It is, therefore, not surprising that, starting with Folkers et al, [18] several groups have studied the effects of statins on the blood concentration of CoQ10 in humans, in patients with hypercholesterolemia and in healthy subjects. It is somewhat difficult to compare results because different studies used different statins, different dosages, and long- or short-term exposures. In addition, some studies were conducted on few or even single individuals, and others on larger series. A double-blind placebo-controlled study [10] of healthy volunteers treated for 1 month with either pravastatin, 20 mg/d (n = 10), or simvastatin, 20 mg/d (n = 10), for 4 weeks showed similar decreases (50% and 54%, respectively) of blood CoQ10 levels, whereas 10 individuals receiving placebo showed no change. In another large study, [9] 45 hypercholesterolemic patients were randomized in a double-blind trial: one group received increasing doses of pravastatin sodium (20, 40, and 80 mg/d) and a second group received increasing doses of lovastatin (10, 20, and 40 mg/d) for a total of 18 weeks. In both groups, there was a gradual decrease of blood CoQ10 level: after 18 weeks, the CoQ10 level was 80% of baseline with pravastatin and 71% of baseline with lovastatin.

The only study [12] with negative results involved 12 healthy subjects: 6 received pravastatin sodium, 20 mg/d, for 4 weeks and 6 received atorvastatin calcium, 10 mg/d, for 4 weeks. After a washout period, each group received the alternate drug for another 4 weeks. No change in blood CoQ10 level was found at the end of each treatment. This study is noteworthy because—like ours—it used atorvastatin, although the dose was much lower than that used by us and the number of subjects was much smaller. We took advantage of the availability of blood samples from a large cohort of hypercholesterolemic patients in whom we studied the short-term (2- and 4-week) effects of atorvastatin calcium, 40 mg/d, on carotid artery elasticity by B-mode ultrasonography. The results on carotid artery elasticity will be reported elsewhere. This was a large and uniform population of patients from whom samples of plasma were obtained at baseline and after 2 and 4 weeks of therapy. All samples were kept frozen until the CoQ10 assay to minimize methodological variations. Baseline CoQ10 concentrations corresponded to accepted normative values, from our own experience and from the literature, and were relatively uniform (Figure 1). There was a highly significant and marked (about 50%) decrease of the CoQ10 concentration after 2 weeks of atorvastatin administration, which was essentially unchanged after 4 weeks of treatment. To our knowledge, this is the first unequivocal demonstration that atorvastatin — like pravastatin and simvastatin [10] — also reduces blood levels of CoQ10, and to about the same extent.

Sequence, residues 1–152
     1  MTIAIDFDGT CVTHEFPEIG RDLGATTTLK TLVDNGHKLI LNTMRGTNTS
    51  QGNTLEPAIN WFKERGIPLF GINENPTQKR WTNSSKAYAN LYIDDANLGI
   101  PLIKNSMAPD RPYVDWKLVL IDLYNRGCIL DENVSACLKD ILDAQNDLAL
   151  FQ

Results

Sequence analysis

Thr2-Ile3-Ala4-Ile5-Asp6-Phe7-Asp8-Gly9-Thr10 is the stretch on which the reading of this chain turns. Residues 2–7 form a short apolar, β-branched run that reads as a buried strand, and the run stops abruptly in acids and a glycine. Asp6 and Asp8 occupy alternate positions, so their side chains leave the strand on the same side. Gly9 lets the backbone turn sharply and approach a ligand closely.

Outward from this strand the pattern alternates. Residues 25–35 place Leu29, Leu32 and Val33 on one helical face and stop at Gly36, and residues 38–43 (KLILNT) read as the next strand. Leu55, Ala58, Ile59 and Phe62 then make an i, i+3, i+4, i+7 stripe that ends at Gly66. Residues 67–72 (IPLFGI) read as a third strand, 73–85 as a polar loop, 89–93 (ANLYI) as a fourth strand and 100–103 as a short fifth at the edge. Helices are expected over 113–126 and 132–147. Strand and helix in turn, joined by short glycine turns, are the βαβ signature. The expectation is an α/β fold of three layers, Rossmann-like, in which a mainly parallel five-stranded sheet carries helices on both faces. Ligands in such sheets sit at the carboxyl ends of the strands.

Our patients did not report severe adverse effects during 30 days of exposure to atorvastatin. In particular, there were no complaints of myalgia or weakness. Only one subject experienced weakness and tingling in the legs, which disappeared 2 days after reducing the dose of atorvastatin calcium to 40 mg/d (the plasma CoQ10 level was 0.84 µg/mL at baseline, 0.38 µg/mL on day 14, and 0.34 µg/mL on day 30). The most common adverse effects were flatulence and constipation, which usually resolved within days.

Our study does not address the question of whether tissue levels of CoQ10 were also decreased by atorvastatin. One previous study [11] of healthy volunteers treated with simvastatin, 20 mg/d, for 4 weeks had shown a 30% decrease of blood CoQ10 level, contrasting with a paradoxical increase of muscle CoQ10 level. Despite this limitation, our findings raise the possibility of a widespread inhibition of CoQ10 synthesis in patients treated with atorvastatin. Given the many patients exposed to relatively high doses of this drug and the persistent occurrence of adverse effects related to statins, it may be reasonable to add CoQ10 in patients receiving long-term treatment with statins in general, and atorvastatin in particular. This recommendation is strengthened by the general experience that oral CoQ10—even in high doses—is well tolerated by patients. [16-17 ,19-23]



Return to the Co-Q10 Page

Since 8-05-2004

             © 1995—2014    The Chiropractic Resource Organization    All Rights Reserved